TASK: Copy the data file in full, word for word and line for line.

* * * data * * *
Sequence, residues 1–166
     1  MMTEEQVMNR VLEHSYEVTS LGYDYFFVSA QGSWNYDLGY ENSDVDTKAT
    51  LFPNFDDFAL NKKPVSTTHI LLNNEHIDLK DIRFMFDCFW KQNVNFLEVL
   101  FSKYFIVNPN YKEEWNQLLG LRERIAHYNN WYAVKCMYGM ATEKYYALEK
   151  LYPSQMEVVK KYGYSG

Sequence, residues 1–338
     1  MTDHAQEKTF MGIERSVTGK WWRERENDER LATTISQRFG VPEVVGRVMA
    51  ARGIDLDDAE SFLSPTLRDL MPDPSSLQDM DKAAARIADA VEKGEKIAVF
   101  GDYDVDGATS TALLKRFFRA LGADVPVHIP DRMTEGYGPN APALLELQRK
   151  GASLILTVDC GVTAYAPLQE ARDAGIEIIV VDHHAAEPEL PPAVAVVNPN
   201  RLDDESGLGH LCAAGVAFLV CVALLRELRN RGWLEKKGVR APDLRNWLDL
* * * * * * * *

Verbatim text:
Sequence, residues 1–166
     1  MMTEEQVMNR VLEHSYEVTS LGYDYFFVSA QGSWNYDLGY ENSDVDTKAT
    51  LFPNFDDFAL NKKPVSTTHI LLNNEHIDLK DIRFMFDCFW KQNVNFLEVL
   101  FSKYFIVNPN YKEEWNQLLG LRERIAHYNN WYAVKCMYGM ATEKYYALEK
   151  LYPSQMEVVK KYGYSG

Sequence, residues 1–338
     1  MTDHAQEKTF MGIERSVTGK WWRERENDER LATTISQRFG VPEVVGRVMA
    51  ARGIDLDDAE SFLSPTLRDL MPDPSSLQDM DKAAARIADA VEKGEKIAVF
   101  GDYDVDGATS TALLKRFFRA LGADVPVHIP DRMTEGYGPN APALLELQRK
   151  GASLILTVDC GVTAYAPLQE ARDAGIEIIV VDHHAAEPEL PPAVAVVNPN
   201  RLDDESGLGH LCAAGVAFLV CVALLRELRN RGWLEKKGVR APDLRNWLDL